Written by Virginia Woolf in the essay Craftsmanship (1937). She is writing of how words convey so many fleeting images that it is difficult to disassociate from the living author. She continues: ‘Only after the writer is dead do his words to some extent become disinfected, purified of the accidents of the living body’. It is a fine essay and much deserving to be read entire. My copy comes from The Death of the Moth and Other Essays (Penguin, 1961), though the original edition was published in 1942 (Hogarth Press).
As much as I admire Woolf as a writer it is her reference to the typewriter that got me thinking. Got me thinking just as I chanced across a book in a charity shop on Shorthand and Typewriting (International Correspondence Schools, London, n.d) from which the accompanying illustrations are taken. It, too, is a good read (in parts). For instance there is vital information on Establishing a Copying Office: ‘Many typists find it profitable to conduct a copying office. Even in the smallest towns there is a great deal of typewriting work to be obtained from lawyers, clerks of courts, architects, contractors, merchants, doctors, authors, ministers, politicians, and others, whose patronage may be secured by soliciting their orders through the medium of a perfectly typed letter and price list. It is often possible to make arrangements with the owner of an office whereby the typist can have a desk in the office in exchange for certain services as a shorthand-typist. In this way a connection may be worked up without much expense.’ Sound advice.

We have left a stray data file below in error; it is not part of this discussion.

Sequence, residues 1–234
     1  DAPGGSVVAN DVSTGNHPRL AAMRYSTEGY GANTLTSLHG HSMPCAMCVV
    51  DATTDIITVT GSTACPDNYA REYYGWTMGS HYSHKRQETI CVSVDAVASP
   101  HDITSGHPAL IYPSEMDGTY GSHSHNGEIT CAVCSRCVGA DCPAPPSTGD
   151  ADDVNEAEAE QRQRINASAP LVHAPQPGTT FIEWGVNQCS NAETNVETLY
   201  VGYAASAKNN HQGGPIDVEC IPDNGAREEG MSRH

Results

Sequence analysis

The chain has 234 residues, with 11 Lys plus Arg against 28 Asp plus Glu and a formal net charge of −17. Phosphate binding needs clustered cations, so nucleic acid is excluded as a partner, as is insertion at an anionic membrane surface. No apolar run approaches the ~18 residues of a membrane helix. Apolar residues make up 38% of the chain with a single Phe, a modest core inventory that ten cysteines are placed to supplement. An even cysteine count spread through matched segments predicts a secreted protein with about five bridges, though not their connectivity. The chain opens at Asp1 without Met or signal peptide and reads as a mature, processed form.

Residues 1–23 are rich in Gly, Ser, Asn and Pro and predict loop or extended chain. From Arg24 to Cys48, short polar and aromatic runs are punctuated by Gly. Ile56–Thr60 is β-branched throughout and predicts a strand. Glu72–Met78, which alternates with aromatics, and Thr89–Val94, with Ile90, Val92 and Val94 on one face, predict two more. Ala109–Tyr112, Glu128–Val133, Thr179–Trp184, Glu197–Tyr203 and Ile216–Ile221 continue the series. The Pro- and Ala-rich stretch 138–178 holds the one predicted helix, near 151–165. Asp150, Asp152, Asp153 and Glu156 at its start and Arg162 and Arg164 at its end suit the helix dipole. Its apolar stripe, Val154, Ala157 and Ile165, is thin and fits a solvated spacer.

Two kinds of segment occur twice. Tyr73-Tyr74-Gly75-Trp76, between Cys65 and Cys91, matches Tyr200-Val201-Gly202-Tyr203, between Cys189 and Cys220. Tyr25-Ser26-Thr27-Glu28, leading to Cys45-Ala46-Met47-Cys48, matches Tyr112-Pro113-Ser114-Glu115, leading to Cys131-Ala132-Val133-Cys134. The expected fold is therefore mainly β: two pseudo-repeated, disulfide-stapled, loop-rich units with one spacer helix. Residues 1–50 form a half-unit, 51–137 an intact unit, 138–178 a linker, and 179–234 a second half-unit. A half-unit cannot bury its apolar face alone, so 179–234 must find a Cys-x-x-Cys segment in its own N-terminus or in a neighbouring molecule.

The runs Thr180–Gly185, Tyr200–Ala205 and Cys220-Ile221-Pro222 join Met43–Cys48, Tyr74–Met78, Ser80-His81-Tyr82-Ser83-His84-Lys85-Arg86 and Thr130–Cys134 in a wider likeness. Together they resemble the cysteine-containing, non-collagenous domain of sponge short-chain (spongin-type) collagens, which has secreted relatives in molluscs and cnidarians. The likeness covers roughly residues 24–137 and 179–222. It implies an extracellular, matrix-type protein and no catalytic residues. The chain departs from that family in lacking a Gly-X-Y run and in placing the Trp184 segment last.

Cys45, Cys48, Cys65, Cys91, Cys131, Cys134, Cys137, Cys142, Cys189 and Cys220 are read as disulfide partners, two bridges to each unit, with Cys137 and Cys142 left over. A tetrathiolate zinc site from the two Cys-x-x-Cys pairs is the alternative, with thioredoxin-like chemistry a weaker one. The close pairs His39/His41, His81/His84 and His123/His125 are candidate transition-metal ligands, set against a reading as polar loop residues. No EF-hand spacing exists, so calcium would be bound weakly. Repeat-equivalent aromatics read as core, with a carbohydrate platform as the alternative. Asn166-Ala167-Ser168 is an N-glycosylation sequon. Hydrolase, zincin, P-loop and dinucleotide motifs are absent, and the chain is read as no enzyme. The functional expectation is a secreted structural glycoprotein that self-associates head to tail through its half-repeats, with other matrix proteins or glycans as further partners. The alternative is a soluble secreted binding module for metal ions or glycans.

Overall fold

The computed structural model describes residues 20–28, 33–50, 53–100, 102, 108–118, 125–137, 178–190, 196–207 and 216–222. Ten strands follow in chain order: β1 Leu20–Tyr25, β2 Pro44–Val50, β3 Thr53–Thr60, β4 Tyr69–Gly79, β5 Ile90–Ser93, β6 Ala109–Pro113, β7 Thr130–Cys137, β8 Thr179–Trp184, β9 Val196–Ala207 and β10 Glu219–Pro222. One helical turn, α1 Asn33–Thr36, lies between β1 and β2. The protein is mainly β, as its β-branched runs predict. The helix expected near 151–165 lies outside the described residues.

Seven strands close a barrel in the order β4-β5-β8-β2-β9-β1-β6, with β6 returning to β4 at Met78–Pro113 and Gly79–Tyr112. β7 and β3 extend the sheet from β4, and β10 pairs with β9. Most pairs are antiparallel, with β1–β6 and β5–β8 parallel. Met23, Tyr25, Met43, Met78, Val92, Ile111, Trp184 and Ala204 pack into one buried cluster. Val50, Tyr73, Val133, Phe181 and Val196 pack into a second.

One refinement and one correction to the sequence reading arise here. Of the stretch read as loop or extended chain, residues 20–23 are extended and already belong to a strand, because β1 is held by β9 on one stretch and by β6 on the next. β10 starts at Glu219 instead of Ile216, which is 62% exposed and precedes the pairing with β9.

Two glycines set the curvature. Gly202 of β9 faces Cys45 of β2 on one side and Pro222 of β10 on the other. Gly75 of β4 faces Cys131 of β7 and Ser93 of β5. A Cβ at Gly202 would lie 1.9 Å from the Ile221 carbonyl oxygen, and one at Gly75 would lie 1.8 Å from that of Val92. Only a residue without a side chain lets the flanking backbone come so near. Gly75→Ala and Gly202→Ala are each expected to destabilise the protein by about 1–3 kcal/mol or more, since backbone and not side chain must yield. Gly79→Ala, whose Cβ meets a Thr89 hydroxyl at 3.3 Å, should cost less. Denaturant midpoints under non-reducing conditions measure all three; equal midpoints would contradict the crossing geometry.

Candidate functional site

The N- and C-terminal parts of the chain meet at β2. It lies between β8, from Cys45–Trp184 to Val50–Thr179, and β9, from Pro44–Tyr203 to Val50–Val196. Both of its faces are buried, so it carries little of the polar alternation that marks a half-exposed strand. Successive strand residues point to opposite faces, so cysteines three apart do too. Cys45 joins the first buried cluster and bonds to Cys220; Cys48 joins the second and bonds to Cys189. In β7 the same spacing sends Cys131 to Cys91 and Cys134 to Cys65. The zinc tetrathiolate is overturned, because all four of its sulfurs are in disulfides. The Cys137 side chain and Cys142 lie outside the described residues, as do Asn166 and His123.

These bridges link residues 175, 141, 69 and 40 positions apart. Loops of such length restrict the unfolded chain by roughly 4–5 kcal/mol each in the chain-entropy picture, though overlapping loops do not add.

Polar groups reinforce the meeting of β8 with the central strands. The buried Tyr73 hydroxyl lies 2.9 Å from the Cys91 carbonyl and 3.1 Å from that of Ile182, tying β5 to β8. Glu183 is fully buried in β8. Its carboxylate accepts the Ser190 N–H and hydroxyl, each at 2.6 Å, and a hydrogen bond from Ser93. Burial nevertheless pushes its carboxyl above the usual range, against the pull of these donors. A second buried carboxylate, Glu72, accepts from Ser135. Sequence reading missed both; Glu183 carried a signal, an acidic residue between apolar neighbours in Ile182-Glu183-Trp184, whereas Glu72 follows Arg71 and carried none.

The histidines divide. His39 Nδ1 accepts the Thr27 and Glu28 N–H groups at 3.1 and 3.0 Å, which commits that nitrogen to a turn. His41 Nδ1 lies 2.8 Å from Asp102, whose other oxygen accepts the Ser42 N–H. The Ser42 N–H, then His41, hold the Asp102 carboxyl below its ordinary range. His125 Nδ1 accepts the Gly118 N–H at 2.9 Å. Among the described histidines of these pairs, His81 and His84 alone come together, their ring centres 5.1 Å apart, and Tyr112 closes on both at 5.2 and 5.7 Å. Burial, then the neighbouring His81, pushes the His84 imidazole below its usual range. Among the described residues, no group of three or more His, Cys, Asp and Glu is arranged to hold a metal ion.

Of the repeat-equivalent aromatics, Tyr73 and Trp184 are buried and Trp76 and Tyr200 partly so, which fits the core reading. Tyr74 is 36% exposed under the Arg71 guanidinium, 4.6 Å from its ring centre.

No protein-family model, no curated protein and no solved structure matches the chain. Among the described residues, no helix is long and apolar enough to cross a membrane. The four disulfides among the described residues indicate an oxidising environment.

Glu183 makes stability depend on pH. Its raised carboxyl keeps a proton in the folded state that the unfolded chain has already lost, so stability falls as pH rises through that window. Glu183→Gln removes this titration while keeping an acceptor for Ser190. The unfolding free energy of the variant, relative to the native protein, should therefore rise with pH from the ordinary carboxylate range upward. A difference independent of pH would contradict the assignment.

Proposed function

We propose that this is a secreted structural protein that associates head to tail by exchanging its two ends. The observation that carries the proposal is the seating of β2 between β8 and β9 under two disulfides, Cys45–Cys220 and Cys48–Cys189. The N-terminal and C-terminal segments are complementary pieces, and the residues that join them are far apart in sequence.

And in the business section this: ‘A married woman usually takes her husband’s Christian name, as Mrs William Dawson, unless the husband is the eldest son of the family, in which case she takes precedence and is addressed as Mrs Dawson’.
Got me thinking too about the history of the typewriter, an instrument that has played such an important role in the development of the industrial world. Among all my books I found scant mention. There must be a History somewhere, but I don’t have it and I am not so lazy as to do a web search. I much prefer to stumble across books in the bookstore, secondhand bookseller or, as with Shorthand and Typewriting, the charity shop. (See here for my post on the demise of the secondhand bookshop.)
However, not surprisingly Typewriter Art (I have mentioned this before and you can go to the post here) did gloss on the antecedents. ‘An American,’ it states, ‘Christoper Lathan Sholes, is widely held to be the inventor of the first practical typewriter. His machine, perfected in the early 1870s, was bought by E Remington & Sons, gunsmiths of Ilion, New York, and put on the market in 1874.’ It goes on to note that the introduction of the typewriter ‘… has transformed business and created the largest female workforce in history, the monstrous regiment of typewriters.’ And while that ‘monstrous regiment’ may have passed into history what are computers but the modern equivalent, the keyboard the same, the drudgery not so different for many.
In the world of typography Monotype didn’t miss a trick and produced matrices in both the conventional and the IBM format as shown here.